Many teenagers with autism stop receiving speech therapy and other needed mental and physical health care services once they leave high school, according to a new study. Graduating seniors lose access to the services they obtained through their school-based special education programs.
The loss is problematic because the need for those programs doesn't go away, said study researcher Paul Shattuck, of Washington University in St. Louis.
"Difficulty with language and communicating is one of the core, hallmark characteristics of autism ," Shattuck said. "Being able to communicate with other people effectively is a fundamental ability that you need if you want to succeed in college or in a job or be independent as a young adult."
And access to care as students leave high school is critical because this transition period "sets the stage for what happens in the rest of adulthood," Shattuck said.
Federal, state and local policies that were established decades ago to help adults who have developmental disabilities need to be revisited, Shattuck said. The number of children diagnosed with autism has rapidly increased in recent years, and this diverse group of patients is now entering adulthood.
"We have to recognize that the population of people who have developmental disabilities has changed," Shattuck said.
"The good news is, if we provide support and assistance, a lot of people with autism can function very well" and contribute to society, Shattuck said.
Between 1998 and 2007, the number of children ages 12-17 with autism who were enrolled in special education increased by about 15,500, to nearly 100,000, the researchers said. Children and young adults with autism often have a high need for mental and physical health services because the disorder is associated with other conditions such as attention deficient hyperactivity disorder (ADHD ) and epilepsy .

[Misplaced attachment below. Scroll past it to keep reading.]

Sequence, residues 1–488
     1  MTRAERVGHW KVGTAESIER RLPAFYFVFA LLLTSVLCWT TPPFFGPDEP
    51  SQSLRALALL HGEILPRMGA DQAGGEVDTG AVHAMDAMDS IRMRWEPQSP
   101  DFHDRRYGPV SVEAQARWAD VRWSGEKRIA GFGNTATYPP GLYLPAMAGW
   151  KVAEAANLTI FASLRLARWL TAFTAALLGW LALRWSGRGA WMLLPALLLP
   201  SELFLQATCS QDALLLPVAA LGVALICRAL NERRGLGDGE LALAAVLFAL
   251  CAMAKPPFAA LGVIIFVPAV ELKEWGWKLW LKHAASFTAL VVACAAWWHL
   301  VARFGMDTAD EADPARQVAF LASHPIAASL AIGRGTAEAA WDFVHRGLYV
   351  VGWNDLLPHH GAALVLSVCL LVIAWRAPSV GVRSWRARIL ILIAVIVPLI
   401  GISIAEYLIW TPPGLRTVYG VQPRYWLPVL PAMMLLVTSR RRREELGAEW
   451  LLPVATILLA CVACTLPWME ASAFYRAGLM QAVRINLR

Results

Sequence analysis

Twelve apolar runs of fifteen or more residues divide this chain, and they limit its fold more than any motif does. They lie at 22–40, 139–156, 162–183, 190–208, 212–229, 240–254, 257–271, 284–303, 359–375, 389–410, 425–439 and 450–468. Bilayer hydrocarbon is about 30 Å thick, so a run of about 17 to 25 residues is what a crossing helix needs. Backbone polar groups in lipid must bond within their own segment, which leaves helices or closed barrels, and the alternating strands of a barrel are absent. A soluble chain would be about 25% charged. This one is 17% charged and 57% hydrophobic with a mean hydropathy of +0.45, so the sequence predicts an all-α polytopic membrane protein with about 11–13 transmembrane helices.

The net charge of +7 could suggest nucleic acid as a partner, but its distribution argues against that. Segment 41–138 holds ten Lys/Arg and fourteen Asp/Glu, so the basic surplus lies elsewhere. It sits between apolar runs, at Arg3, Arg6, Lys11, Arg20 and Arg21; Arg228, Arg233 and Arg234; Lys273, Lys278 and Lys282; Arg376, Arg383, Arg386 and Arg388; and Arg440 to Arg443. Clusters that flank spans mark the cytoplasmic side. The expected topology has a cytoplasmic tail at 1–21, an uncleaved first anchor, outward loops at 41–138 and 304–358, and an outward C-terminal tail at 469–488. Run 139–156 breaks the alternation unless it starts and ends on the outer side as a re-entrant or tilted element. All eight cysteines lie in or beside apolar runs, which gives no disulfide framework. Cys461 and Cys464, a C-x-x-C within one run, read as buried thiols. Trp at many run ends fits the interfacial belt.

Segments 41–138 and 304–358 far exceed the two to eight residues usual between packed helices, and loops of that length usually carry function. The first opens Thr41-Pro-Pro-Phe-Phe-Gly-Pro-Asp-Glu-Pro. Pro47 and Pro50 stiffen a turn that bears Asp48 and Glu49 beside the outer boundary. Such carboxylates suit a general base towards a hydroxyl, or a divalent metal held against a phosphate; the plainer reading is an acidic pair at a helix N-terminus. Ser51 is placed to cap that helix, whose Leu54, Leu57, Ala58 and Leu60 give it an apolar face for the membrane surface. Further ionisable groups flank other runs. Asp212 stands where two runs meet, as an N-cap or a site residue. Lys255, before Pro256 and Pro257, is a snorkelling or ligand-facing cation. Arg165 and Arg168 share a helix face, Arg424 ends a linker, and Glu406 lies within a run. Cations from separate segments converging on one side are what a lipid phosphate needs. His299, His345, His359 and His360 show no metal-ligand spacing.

Shattuck and his colleagues analyzed data from questionnaires given to parents and guardians of young adults (ages 19 to 23) with autism. More than 400 parents and guardians answered questions about their children's use of four types of services after high school mental health services, medical services, speech therapy and case management or about the coordination of the patients' care.
The researchers found the rates of use of these services all had fallen since the students were surveyed six years earlier. Most notably, the number of students receiving speech therapy dropped from close to 75 percent to 9.1 percent. While these two estimates are not directly comparable because some of the participants discontinued the study during those six years, the results still showed a steep decline in use of services, the researchers said.
About 39 percent of the young adults did not receive any special services after high school. Teens in this group were more likely to be black and from families with low incomes.
"There's a huge problem with autistic children as they become adults in obtaining services," said Dr. Louis Kraus, chief of child and adolescent psychiatry at Rush University Medical Center in Chicago, who was not involved in the new study. "This study is important in my opinion because it shows, on one hand, some kids are getting services as young adults, but a tremendous amount are not."
The drop in speech therapy use may be due to cost after students graduate, health insurance disability programs usually don't cover it, Shattuck said.
"The best predictor of an autistic child's success is going to be how well they can speak, and yet this is an [incredibly] underused area in adults," Kraus told MyHealthNewsDaily.
Researchers need to identify what services these young adults need, and why they are not getting them, Kraus said. The reason, he suspects, is that most patients do not receive adequate funding. People need to find solutions to get autistic children the services they need.
The results are published in February issue of the journal Archives of Pediatrics & Adolescent Medicine.
Pass it on: There is a steep drop in use of health care services, particularly speech therapy, by young adults with autism after high school.
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Follow MyHealthNewsDaily staff writer Rachael Rettner on Twitter @Rachael_MHND.
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Rachael is a Live Science contributor, and was a former channel editor and senior writer for Live Science between 2010 and 2022. She has a master's degree in journalism from New York University's Science, Health and Environmental Reporting Program. She also holds a B.S. in molecular biology and an M.S. in biology from the University of California, San Diego. Her work has appeared in Scienceline, The Washington Post and Scientific American.